I am Associate Professor of International Affairs and Director of the Humanitarian Action Initiative at the Elliott School of International Affairs, The George Washington University. In 2019-2020 I was a Senior Research Fellow at the Käte Hamburger Kolleg/Centre for Global Cooperation, University Duisburg-Essen, Germany. Between 2011-2018, I was an Assistant, then Associate (with tenure) Professor of Political Science at Arcadia University where I taught courses in both the undergraduate program in Political Science and in the graduate (M.A.) program in International Peace and Conflict Resolution (IPCR). I also served as the Assistant Director of the IPCR program from 2011-2013.
My research and publications focus on the governance and coordination of global humanitarian action with empirical emphasis on collective quality and accountability standard-setting, the coordination of emergency response and localization. My previous publications examine the processes through which standard-setting initiatives like the Red Cross Code of Conduct, Sphere, and HAP-I emerge and evolve. I have also investigated the coordination and governance of global pandemic response with empirical focus on the 2014 Ebola outbreak in West Africa and the COVID-19 pandemic. This research has appeared or is forthcoming in Review of International Studies, International Studies Review, Global Health Governance, PS: Political Science and Politics, and several book chapters.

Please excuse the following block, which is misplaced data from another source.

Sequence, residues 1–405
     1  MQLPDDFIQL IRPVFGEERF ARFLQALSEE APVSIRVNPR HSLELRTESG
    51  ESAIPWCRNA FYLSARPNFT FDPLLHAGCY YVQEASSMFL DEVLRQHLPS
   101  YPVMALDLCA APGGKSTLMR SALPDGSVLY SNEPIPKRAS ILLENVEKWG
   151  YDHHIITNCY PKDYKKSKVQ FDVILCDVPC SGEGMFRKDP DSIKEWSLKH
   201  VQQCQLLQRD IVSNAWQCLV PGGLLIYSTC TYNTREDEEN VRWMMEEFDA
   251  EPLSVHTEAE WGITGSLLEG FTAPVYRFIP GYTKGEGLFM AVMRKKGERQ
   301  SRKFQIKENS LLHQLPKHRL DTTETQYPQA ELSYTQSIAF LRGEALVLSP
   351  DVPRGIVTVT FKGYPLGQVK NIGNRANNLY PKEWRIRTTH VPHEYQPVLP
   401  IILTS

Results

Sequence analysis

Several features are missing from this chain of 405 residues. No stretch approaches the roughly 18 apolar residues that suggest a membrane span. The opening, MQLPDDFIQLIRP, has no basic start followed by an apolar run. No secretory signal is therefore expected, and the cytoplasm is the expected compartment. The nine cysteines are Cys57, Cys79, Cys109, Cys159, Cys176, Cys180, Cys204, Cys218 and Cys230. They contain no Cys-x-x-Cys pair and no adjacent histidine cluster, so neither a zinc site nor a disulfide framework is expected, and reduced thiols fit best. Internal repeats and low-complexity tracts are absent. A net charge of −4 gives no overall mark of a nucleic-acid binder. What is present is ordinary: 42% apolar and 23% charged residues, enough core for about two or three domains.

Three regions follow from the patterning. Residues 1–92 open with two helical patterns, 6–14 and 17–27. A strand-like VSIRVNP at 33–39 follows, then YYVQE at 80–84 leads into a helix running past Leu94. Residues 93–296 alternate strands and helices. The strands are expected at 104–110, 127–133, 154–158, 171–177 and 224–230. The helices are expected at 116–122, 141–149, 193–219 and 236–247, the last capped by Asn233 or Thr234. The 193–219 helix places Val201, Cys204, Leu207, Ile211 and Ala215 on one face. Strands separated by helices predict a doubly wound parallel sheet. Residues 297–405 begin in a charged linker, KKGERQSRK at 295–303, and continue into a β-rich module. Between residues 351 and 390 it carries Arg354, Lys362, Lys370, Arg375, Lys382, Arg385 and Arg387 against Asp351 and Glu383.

My on-going research in this area explores the entire ecosystem of humanitarian accountability, drawing on concepts of the field and communities of practice, I investigate how field dynamics, metagovernance norms and practices produce coordination and collective action in the humanitarian sector, but also reinforce existing hierarchies.
A second area of research examines non-governmental organizations (NGOs). In an ongoing co-edited book project, Sigrid Quack and I propose a relational approach to NGOs. We suggest the prevalent focus in international relations on NGOs as entities (actors) and the outcomes of their actions misses much about their politics and power. We propose investigating NGO interactions and relationships to better understand their agency, power and authority.
I teach graduate courses on humanitarianism and global governance in the International Development Studies program.